2. Often we don’t have to think about these situations as our relationships with others already gives the reflection of how we live and the quality of presence we will offer another.

  15. I love it. It is not so much a case of saying no to things but as you point out it is about saying yes to taking care of ourselves and making choices that support our health rather than ones that diminish and destroy our health, all to avoid someone else’s reaction or disfavour that you won’t join them in their self harming.

  16. Under the pressure of society that encourages an unhealthy lifestyle, many accept this as a normal way of living without actually stopping and truly feeling if this suits them, if this is good for them and if this actually represents what they truly want to live.” So true Steffen. What we consider ‘normal’ is anything but – yet when we make healthy choices people often encourage us to revert back to keeping them company in their own unhealthy choices, rather than be inspired by a different way of living, thus condoning and making ‘acceptable’ their own unhealthy living way.

  17. Making choices to self-care and look at our food choices can really shake things up and not just in our own lives, ripples of these changes can be felt by those around us also and reactions can come up, for example if you stop having the champagne or cake to celebrate an occasion this can often bring straight up disbelief and in some cases outrage, I have experienced both. I have felt pressure to conform by others that are uncomfortable with my changing ways of eating and living..and actually giving up alcohol was the easy part, personally the tricky bit came after when people wanted me to have a drink with them, got angry because I would not and basically attempted to bully me into joining, either emotionally getting sad, moody or being furious with me for breaking our previous way of interacting with each other.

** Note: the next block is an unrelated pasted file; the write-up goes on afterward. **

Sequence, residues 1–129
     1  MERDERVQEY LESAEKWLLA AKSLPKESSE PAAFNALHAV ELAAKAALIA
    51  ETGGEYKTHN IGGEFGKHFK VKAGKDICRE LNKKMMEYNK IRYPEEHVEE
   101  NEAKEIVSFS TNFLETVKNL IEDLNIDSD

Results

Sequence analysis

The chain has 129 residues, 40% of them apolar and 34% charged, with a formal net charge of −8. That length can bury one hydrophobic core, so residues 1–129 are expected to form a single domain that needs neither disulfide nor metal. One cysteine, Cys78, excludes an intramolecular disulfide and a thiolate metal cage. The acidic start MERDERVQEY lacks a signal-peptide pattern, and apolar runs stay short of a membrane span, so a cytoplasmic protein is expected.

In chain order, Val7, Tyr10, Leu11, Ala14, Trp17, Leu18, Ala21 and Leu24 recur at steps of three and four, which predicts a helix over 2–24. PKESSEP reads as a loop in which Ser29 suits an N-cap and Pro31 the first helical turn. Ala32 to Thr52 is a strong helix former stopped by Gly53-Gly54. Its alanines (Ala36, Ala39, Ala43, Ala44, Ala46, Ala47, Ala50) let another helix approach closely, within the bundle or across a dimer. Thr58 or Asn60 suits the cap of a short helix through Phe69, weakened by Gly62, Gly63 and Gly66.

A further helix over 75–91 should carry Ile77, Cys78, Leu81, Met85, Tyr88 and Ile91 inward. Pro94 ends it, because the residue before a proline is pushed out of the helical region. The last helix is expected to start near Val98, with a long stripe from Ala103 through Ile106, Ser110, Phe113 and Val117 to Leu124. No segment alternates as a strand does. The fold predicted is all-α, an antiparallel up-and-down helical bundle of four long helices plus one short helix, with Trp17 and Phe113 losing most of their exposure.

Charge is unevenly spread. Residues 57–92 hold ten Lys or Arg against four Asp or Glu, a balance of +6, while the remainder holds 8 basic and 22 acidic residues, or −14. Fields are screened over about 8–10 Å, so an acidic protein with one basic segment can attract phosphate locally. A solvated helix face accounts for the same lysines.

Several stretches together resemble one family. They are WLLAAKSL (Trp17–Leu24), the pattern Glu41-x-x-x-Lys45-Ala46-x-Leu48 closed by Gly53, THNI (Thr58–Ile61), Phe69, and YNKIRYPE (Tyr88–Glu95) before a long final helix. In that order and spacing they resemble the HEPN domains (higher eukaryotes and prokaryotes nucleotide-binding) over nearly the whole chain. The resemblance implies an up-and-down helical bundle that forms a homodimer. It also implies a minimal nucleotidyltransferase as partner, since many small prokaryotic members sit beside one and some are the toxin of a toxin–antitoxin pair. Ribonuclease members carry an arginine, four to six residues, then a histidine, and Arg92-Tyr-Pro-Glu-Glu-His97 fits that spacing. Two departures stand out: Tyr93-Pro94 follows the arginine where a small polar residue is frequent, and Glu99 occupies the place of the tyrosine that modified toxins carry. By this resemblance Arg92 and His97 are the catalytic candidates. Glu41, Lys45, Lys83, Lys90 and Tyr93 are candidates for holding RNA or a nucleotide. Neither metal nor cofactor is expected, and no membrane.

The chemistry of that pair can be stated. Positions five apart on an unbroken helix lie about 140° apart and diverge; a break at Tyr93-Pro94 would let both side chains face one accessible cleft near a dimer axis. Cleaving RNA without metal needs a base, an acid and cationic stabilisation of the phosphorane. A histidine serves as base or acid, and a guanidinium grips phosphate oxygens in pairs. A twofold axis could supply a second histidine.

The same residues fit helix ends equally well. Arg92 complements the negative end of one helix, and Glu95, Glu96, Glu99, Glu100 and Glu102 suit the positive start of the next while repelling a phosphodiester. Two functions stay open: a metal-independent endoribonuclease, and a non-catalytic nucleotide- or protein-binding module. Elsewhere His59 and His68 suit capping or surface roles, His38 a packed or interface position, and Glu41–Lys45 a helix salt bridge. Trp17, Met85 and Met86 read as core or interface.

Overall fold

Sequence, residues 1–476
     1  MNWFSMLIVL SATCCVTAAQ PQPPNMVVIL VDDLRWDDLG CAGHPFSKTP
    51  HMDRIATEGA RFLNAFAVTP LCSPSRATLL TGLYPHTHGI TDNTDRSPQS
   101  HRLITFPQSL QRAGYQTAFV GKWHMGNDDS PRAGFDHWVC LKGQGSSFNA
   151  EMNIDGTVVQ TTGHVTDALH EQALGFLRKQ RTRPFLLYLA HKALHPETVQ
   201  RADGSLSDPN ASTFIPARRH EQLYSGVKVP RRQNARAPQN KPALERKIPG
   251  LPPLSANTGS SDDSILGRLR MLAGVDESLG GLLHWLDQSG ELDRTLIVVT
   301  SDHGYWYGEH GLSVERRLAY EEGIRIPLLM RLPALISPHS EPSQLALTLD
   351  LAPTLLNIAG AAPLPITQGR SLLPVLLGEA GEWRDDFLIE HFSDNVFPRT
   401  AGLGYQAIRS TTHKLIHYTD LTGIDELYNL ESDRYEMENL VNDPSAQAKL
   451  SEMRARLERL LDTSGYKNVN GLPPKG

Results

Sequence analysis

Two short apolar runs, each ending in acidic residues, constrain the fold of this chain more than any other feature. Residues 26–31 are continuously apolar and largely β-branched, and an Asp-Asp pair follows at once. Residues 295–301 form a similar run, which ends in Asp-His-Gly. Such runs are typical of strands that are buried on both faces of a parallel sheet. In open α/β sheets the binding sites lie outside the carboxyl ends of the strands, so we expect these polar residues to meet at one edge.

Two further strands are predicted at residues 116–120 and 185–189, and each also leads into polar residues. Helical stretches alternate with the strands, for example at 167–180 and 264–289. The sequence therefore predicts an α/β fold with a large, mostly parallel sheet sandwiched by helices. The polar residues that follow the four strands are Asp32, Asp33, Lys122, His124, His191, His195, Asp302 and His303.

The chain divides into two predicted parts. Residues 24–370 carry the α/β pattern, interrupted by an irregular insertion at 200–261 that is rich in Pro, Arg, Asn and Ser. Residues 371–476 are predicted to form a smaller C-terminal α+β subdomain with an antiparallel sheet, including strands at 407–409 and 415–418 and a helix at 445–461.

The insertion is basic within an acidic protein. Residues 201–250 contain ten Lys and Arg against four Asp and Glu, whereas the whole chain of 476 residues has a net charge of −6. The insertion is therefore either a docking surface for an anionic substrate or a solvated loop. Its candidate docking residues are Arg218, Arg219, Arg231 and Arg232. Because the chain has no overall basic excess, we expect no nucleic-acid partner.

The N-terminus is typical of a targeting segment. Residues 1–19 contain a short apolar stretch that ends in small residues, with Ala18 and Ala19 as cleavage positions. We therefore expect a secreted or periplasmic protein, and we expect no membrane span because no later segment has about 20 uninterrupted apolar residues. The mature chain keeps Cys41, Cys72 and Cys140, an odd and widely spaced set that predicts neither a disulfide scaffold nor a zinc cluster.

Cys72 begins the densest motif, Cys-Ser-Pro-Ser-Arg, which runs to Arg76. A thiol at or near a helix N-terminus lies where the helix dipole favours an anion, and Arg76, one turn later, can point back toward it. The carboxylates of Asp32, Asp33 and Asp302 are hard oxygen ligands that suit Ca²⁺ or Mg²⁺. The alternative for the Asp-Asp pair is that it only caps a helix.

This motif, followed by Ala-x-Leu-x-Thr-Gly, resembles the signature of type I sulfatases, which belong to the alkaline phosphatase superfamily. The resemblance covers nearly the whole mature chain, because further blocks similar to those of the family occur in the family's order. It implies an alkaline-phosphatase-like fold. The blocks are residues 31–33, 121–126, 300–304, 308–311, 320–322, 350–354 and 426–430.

For me this clearly illustrates that food and drink are not just simple products we consume, they have emotional ties and personal needs connected with them, they come loaded and we need to be aware of it. The reactions encounter do not really make sense, most of us would want to see our friends and family well and healthy, so rationally we think it should be meet with enthusiasm and support, but if we have this expectation then we can be hurt and shocked. In a sense it is not personal, but the choice to self-care in a way that brings real change can be confronting and it can not be underestimated, it absolutely changes lives and this will inevitably change our relationships.